Identifying and minimising the impact of fake visual media:Current and future directions

Nightingale, Sophie and Wade, Kimberley (2022) Identifying and minimising the impact of fake visual media:Current and future directions. Memory, Mind & Media, 1. pp. 1-13.

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Over the past two decades, society has seen incredible advances in digital technology, resulting in the wide availability of cheap and easy-to-use software for creating highly sophisticated fake visual content. This democratisation of creating such content, paired with the ease of sharing it via social media, means that ill-intended fake images and videos pose a significant threat to society. To minimise this threat, it is necessary to be able to distinguish between real and fake content; to date, however, human perceptual research indicates that people have an extremely limited ability to do so. Generally, computational techniques fair better in these tasks, yet remain imperfect. What's more, this challenge is best considered as an arms race – as scientists improve detection techniques, fraudsters find novel ways to deceive. We believe that it is crucial to continue to raise awareness of the visual forgeries afforded by new technology and to examine both human and computational ability to sort the real from the fake. In this article, we outline three considerations for how society deals with future technological developments that aim to help secure the benefits of that technology while minimising its possible threats. We hope these considerations will encourage interdisciplinary discussion and collaboration that ultimately goes some way to limit the proliferation of harmful content and help to restore trust online.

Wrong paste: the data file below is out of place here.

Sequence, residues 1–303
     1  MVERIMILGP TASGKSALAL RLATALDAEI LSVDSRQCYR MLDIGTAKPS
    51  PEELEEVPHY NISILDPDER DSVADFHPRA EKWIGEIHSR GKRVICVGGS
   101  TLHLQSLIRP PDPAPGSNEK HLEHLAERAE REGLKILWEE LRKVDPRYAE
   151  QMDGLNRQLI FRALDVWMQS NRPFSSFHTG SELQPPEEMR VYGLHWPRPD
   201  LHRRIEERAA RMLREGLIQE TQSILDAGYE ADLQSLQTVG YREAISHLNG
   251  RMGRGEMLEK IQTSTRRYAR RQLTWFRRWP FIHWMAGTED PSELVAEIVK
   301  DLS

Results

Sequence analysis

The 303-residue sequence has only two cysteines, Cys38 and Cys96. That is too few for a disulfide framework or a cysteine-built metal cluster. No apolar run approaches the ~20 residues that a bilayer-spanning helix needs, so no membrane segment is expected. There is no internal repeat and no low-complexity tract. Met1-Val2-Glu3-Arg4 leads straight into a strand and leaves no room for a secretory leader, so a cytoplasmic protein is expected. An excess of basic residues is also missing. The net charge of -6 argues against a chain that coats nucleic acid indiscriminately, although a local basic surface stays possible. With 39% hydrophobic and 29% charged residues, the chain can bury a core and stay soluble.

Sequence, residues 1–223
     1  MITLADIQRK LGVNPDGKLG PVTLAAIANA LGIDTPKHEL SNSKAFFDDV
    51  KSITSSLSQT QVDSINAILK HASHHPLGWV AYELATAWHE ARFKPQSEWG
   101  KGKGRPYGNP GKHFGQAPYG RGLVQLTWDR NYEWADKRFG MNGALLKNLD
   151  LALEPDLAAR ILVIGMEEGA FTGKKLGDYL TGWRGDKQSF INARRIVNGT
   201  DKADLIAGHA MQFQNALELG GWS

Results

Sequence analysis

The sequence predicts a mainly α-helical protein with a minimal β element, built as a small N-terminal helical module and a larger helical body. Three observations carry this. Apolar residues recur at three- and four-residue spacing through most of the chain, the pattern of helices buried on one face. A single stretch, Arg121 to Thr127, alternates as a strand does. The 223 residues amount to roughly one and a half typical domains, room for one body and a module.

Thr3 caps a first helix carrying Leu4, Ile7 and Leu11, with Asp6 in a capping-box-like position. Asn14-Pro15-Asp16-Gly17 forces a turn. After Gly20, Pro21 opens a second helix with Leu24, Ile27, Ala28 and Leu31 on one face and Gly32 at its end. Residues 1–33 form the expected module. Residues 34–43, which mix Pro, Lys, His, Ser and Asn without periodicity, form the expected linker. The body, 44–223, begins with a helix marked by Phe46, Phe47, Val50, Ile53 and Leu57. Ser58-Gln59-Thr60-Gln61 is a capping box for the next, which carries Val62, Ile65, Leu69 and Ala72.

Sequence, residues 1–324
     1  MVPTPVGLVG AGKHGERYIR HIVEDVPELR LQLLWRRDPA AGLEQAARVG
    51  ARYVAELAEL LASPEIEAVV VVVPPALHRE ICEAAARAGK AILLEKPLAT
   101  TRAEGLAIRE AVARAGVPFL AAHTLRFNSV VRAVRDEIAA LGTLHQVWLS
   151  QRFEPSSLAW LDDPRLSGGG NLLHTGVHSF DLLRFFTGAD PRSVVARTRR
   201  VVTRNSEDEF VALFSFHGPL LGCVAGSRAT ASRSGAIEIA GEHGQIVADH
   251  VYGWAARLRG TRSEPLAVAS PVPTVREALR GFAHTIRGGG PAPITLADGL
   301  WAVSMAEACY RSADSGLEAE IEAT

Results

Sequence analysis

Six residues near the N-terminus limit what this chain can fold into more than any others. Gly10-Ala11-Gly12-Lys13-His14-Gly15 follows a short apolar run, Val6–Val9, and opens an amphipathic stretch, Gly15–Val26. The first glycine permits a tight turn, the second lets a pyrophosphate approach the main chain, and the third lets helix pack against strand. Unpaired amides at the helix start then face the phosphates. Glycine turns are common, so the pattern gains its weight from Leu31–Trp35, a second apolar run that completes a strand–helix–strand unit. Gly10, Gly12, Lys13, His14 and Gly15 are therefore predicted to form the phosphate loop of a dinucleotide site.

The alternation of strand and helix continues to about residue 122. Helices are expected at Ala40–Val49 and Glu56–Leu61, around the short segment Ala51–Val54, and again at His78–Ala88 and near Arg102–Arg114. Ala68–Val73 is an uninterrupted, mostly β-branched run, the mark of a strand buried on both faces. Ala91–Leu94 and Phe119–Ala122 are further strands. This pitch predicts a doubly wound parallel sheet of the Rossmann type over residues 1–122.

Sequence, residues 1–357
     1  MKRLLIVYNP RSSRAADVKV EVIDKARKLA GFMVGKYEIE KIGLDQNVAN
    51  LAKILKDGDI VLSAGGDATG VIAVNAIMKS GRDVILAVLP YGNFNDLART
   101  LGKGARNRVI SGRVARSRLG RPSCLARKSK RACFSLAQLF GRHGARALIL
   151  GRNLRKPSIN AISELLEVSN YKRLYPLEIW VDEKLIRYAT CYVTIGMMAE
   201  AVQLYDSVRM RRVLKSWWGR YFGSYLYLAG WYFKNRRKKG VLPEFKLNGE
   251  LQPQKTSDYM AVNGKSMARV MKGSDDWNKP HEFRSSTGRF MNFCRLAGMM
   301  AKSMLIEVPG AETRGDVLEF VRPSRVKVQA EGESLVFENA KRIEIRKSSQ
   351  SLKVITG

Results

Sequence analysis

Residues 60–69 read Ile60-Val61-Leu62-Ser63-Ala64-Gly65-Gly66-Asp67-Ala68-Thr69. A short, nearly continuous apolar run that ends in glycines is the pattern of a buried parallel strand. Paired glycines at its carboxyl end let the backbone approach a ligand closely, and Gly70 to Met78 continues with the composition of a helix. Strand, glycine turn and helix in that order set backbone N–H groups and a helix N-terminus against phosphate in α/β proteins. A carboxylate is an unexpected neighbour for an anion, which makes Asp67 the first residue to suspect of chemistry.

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Journal Article
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Memory, Mind & Media
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11 Nov 2022 16:10
Last Modified:
17 Sep 2023 03:21